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INDIANAPOLIS – The familiarity and belief of Frank Reich, at the most important position in sports, has struck again.

For a second straight offseason, Reich’s history has the Colts making a significant move at quarterback.

And this one comes with a far higher ceiling, yet also one with more long-term ramifications for the franchise.

The Colts have reportedly traded for former Eagles quarterback Carson Wentz.

While the trade cannot become official until the new league year starts on March 17, the reported packages involves the Colts sending a 2021 third-round pick and then a conditional 2nd round pick in 2022, that could turn into a 1st rounder in ’22. Per Mike Garafolo of NFL Network, the conditional 2nd becomes a 1st rounder if Wentz plays 75 percent of the offensive snaps or 70 percent + and the team makes the playoffs. Unless Wentz gets hurt, that seems likely to happen.

Debating the exact compensation of the deal is a tad overblown.

The ultimate deciding factor on this trade is this: Will Wentz get back to being an above average starting QB in this league or not? If he can, this is a win for the Colts. If not, this trade is a costly loss.

Simply, the Colts are putting their faith in Reich fixing Wentz.

Getting rid of Wentz does mean the Eagles save more than $30 million in cap space. The Colts will have Wentz under contract for four more seasons (through 2024). However, the contract really is more of a 2-year $47 million deal when you look at the specifics of his situation.

This trade is a clear message that the Colts view Wentz, 28, as their quarterback of the present and the next few years, at the minimum.

This move does help appease the ‘veteran vision’ that Jim Irsay had mentioned a few weeks back (Wentz has 68 career starts, going 36-32 as a starter).

Although, it also carries some long-term ramifications that would stunt this franchise if Wentz doesn’t work out. This is more than just a band-aid, one-year move, with Wentz’s contract coming off the books next offseason.

If Wentz is the broken quarterback we saw in 2020, and Reich can’t ‘fix him,’ then the Colts will be nearly a handful of years removed from Andrew Luck’s retirement without any long-term answer under center.

Make no mistake, this deal does not happen without Reich’s prior relationship with Wentz. Nor does it happen without Reich still having tremendous belief that Wentz can return to the player he was prior to tearing his ACL in 2017.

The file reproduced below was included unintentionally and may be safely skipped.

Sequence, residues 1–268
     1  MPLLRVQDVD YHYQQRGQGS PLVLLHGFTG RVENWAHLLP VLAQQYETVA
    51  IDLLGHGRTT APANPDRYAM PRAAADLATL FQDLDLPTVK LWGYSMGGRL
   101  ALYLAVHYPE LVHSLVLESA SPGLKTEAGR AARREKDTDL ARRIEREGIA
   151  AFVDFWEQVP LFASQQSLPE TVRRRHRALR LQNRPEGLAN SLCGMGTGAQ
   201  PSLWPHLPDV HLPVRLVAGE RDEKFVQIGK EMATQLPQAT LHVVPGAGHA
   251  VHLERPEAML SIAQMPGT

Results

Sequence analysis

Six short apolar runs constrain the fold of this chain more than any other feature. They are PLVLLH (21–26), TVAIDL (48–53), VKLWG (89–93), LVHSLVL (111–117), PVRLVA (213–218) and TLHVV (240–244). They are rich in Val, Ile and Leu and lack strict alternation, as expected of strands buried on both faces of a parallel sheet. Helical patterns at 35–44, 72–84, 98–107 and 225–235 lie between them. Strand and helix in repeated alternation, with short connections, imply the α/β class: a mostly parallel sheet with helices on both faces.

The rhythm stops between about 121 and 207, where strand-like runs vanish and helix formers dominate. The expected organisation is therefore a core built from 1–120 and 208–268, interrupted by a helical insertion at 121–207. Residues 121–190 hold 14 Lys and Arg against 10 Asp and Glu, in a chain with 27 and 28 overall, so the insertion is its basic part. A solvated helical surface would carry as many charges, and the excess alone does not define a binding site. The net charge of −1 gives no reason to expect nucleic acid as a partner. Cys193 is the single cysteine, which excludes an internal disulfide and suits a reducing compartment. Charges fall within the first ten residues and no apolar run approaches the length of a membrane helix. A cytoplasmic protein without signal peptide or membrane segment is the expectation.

Even just two months ago, with Wentz getting benched in Philadelphia, Reich publicly backed his former pupil. When appearing on the Rich Eisen Show, Reich was asked about the struggling Wentz.

“…You know, I know and love Carson and he’s a close friend of mine,” Reich said. “And I think he’s a really good player. You know I have a lot of belief and confidence in him personally…”

Reich has always been a fan of the potential of Wentz. In another late-season interview with Peter King, Reich said he’s “extremely close” with Wentz.

In January of 2016, the Eagles hired Reich as their offensive coordinator at the beginning of that offseason. A few months later, Philadelphia traded up twice from the No. 13 overall pick to the No. 2 spot, where they would then select Wentz out of North Dakota State.

After going 7-9 as a rookie starter in 2016, Wentz put together an MVP caliber season in 2017, throwing 33 touchdowns to 7 interceptions with a league best QBR of 78.5. But ever since tearing his ACL in December of that season (in which Nick Foles filled in and led the Eagles to a Super Bowl title), Wentz has yet to reclaim that type of production.

Wentz is coming off by far his worst NFL season, completing 57 percent of his passes , throwing 16 touchdowns to 15 interceptions and was sacked 50 times in just 12 games played. Questions arose in Philly about how much Wentz wanted to remain part of the organization. Less than two months after giving Wentz a franchise-altering deal, the Eagles decided it was time to move on from him. Skeptics of this trade point to these actions by the Eagles as worrisome for any future Wentz home.

When the Colts prepared for Wentz and the Eagles back in 2018, Reich didn’t hold back in his praise for the “fearless” QB.

“Obviously (Wentz) was having a phenomenal year, just a phenomenal year and probably was the MVP and deserved every bit of it,” Reich said of Wentz in 2018. “What you love about Carson is much like Andrew (Luck), is a team-first guy, an explosive player with the right kind of attitude and the right kind of work ethic.

“It was just fun watching him grow as a player, just in the short two years that we were there together and truly one of my coaching highlights was a chance to work with him. He’s just a class act.”

In a way, the addition of Wentz has some similarities to Rivers.

While the two players are vastly different in their skillset and career arcs, the Colts have acquired both off teams that lacked enough support around each player.

How much of Wentz’s recent downfall should be attributed to an injury-riddled offensive line, not enough skill talent and a hanging cloud at backup quarterback?

If the Colts can stabilize some of those things, can Wentz’s career be resurrected with Reich again mentoring him?

This is the biggest risk yet taken by Chris Ballard and Frank Reich.

Will it pay off?

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